The end of Amelia Earhart’s life has been a mystery to all for nearly eight decades. An illustrious aviator, Amelia is known for having been the first woman to cross the Atlantic Ocean alone on board her craft. Disappeared during a flight in 1937, many hypotheses have been put forward about her fate. Today, the enigma has probably been solved by a researcher from Tennessee, who claims to be certain to have identified human remains as those of Amelia Earhart.
To say that the American Amelia Earhart was an extraordinary woman and a courageous adventurer would be an understatement. Mattel recently made a point of immortalizing her alongside Frida Kahlo and Katherine Johnson in its new Barbie collection, composed entirely of female models intended to serve as examples for all the little girls of the world.
At the age of 31, Amelia Earhart was the first woman to cross the Atlantic, a slightly bitter experience for her as the only woman on a male-only flight, she felt she was treated like a « bag of potatoes ». However, this made her extremely famous. Five years later, in 1932, she decided to cross the Atlantic Ocean again, this time totally alone. Once again, she made history as the first woman to do so.
In 1937, Amelia Earhart mysteriously disappeared with her navigator Fred Noonan during their circumnavigation of the world, after having been seen for the last time in New Guinea. Since then, many hypotheses have been put forward in an attempt to solve the enigma that still fascinates thousands of people around the world today. Captured by the Japanese, shot down in flight by them because her circumnavigation of the world would have been an espionage mission entrusted by the American government, stranded on an island on which she would have continued her life… Imagination still continues to forge the legend of Amelia Earhart.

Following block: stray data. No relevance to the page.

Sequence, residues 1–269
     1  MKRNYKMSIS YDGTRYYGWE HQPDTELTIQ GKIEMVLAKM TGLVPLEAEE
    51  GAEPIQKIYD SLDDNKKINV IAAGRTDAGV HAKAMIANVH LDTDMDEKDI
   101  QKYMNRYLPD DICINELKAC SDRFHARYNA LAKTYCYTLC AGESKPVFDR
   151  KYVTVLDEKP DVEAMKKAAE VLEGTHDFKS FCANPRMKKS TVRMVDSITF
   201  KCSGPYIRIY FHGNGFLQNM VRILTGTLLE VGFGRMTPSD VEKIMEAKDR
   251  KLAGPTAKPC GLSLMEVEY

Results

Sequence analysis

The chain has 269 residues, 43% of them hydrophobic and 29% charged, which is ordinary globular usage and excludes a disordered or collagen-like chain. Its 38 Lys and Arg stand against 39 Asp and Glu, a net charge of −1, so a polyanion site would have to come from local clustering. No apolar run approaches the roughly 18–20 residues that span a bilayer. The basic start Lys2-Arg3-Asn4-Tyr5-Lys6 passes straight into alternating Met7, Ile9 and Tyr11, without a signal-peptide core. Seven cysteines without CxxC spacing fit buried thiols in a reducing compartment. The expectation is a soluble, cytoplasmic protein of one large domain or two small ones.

Richard Jantz, a researcher from Tennessee, could put an end to all the delusions, however, since he claims that human remains found on an island in the South Pacific are in fact those of the aviatrix. Already studied in 1940, it was concluded at the time that the bones belonged to a man. As technology has changed dramatically since the 1940s, Jantz decided to conduct new analyses. These revealed that the remains had more similarities to Amelia Earhart than to 99% of the individuals stored in his large database. For him, until absolute proof to the contrary, her remains are those of the airplane:
Until there is definitive proof that these bones are not those of Amelia Earhart, the most convincing argument remains that they are indeed hers.
Amelia Earhart died in 1937 on an island in the South Pacific after losing her plane during her unfinished circumnavigation of the world.